As Israeli Prime Minister Naftali Bennett enjoys his first White House visit with U.S. President Joe Biden this week, there are pressing issues that must be discussed between the two leaders. This visit isn’t just a standard State visit between an American president and an Israeli prime minister. The Biden-Bennett meeting is the first visit of these two men as leaders of their respective countries.
Like any healthy relationship, the U.S.-Israel relationship is strong but beset with trauma. The Trump-Netanyahu years were some of the strongest of the U.S.-Israel relationship, but it also disturbed many in both governments. Prime Minister Bennett and President Biden will have to work hard to both assuage those troubled by the Trump-Netanyahu relationship as well as assure those who treasured the Trump-Netanyahu relationship.
Prime Minister Bennett should begin by thanking President Biden for fifty years of supporting a strong U.S.-Israel relationship. President Biden describes himself as a Zionist and he had an impeccable record supporting Israel in the Senate. Since becoming president, Biden supported Israel in its recent conflict with Hamas and hasn’t publicly criticized Israel, even through two Israeli announcements of building over the green line. President Biden hasn’t capitulated in signing an Iran deal, and Bennett should thank him for his steadfastness.
President Biden and Prime Minister Bennett need to strengthen the relationship between their two countries. America needs a strong relationship with an ally in the Middle East and Israel’s new government needs to show it can improve on the last government’s record with America. Both leaders need to strengthen the bipartisan support of the U.S.-Israel relationship in Israel and the United States. Prime Minister Bennett needs to assure his base that President Biden isn’t Obama II and President Biden needs to show Democrats that Prime Minister Bennett isn’t Netanyahu II. Both leaders must improve on U.S. aid to Israel and expand the Abraham Accords. These will be two public and robust demonstrations of these leaders working together.
Iran is the top issue on both leaders’ foreign policy agenda. President Biden needs to assure Prime Minister Bennett he considers Israel’s safety a factor in his Iran policy and ensure that Israel doesn’t launch an attack on Iran. Prime Minister Bennett needs to ensure America doesn’t let up on Iranian sanctions and doesn’t sign a weak deal. Both leaders need to be on the same page and trust each other. They both need to walk step in step with each other.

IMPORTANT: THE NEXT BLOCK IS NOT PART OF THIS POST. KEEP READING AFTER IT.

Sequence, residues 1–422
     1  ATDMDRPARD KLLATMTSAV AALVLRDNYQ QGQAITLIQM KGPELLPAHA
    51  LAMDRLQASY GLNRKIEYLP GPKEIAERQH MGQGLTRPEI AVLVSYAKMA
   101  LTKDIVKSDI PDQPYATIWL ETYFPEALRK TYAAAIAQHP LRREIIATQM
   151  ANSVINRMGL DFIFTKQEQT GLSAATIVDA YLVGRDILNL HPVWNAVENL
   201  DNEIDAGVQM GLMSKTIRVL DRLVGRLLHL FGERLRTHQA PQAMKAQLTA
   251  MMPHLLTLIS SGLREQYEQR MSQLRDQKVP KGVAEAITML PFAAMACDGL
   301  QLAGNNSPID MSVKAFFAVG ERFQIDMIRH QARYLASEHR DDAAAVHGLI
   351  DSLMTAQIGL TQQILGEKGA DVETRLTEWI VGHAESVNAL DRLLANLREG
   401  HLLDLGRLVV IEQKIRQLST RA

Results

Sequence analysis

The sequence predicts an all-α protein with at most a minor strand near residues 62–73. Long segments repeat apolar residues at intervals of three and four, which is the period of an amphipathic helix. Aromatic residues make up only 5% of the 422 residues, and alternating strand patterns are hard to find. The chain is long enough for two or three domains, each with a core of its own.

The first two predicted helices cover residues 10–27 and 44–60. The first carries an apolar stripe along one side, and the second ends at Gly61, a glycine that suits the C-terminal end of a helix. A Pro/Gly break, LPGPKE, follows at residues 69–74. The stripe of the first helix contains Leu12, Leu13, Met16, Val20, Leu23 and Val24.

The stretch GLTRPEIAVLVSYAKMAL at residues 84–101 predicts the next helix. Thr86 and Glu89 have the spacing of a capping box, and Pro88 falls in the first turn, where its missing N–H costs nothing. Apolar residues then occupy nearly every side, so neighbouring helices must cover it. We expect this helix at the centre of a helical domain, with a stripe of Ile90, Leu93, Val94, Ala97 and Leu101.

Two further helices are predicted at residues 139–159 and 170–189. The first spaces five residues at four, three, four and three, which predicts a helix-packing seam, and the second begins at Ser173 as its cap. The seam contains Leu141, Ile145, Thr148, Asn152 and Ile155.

President Biden wants to improve the Palestinians’ situation. While many view the Biden demands for a stronger Palestinian situation as a pressure point against Israel, it can be an opportunity for Prime Minister Bennett. By announcing thousands of building permits in area C (the area under Israeli control), Bennett can head off more severe American demands. In turn, Israel can request America not open its consulate to the Palestinians in Jerusalem, put a deadline on U.S.-Palestinian growing diplomacy if “pay to slay” isn’t ended, and stop American funding of UNRWA (the United Nations Relief and Works Agency for Palestine Refugees in the Near East) until it stops hosting Hamas tunnels and rockets in Gaza and teaching anti-Semitism in its schools.
Development of Jewish towns in Judea and Samaria (what the world calls “settlements in the West Bank”) has the potential of becoming a sticking point. President Biden has maintained settlements are an impediment to peace between Israel and the Palestinians during his entire career. Prime Minister Bennett strongly believes in Israel’s right to govern and develop Judea and Samaria, and he must grow those towns to save any political future he hopes to sustain. Bennett must convince Biden that the old days of demanding settlement freezes are over. Biden must compromise and allow building – at least in the towns called “settlement blocks” that Israel expects to keep in any deal.
There are promising signs compromise can be reached on this issue. Israel has announced building permits twice and President Biden hasn’t criticized either announcement. Allowing Palestinian building along with each Israeli building announcement can be the compromise both leaders need on this issue.
I don’t believe Prime Minister Bennett or President Biden have any dreams of solving the Israeli-Palestinian conflict during their time in office. President Biden has repeated he doesn’t want either side taking unilateral steps that put a two-state solution at risk of collapsing. I don’t imagine the president pressuring the prime minister into making concession to get negotiations started.
I am an optimist by nature and a strong believer in the perpetuity of the U.S.-Israel relationship. The relationship between these nations has always been strong, even when suffering through conflicts and misunderstandings. President Biden and Prime Minister Bennett are both strong advocates of the relationship between their nations. Their backing should create a strong rapport between them and their administrations.